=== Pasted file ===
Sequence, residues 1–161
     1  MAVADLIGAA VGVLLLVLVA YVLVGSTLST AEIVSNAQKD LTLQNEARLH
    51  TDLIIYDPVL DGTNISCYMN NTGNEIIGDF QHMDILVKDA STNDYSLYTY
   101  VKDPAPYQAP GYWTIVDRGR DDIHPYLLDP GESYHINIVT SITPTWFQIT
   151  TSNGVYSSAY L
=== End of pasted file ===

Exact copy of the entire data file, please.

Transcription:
Sequence, residues 1–161
     1  MAVADLIGAA VGVLLLVLVA YVLVGSTLST AEIVSNAQKD LTLQNEARLH
    51  TDLIIYDPVL DGTNISCYMN NTGNEIIGDF QHMDILVKDA STNDYSLYTY
   101  VKDPAPYQAP GYWTIVDRGR DDIHPYLLDP GESYHINIVT SITPTWFQIT
   151  TSNGVYSSAY L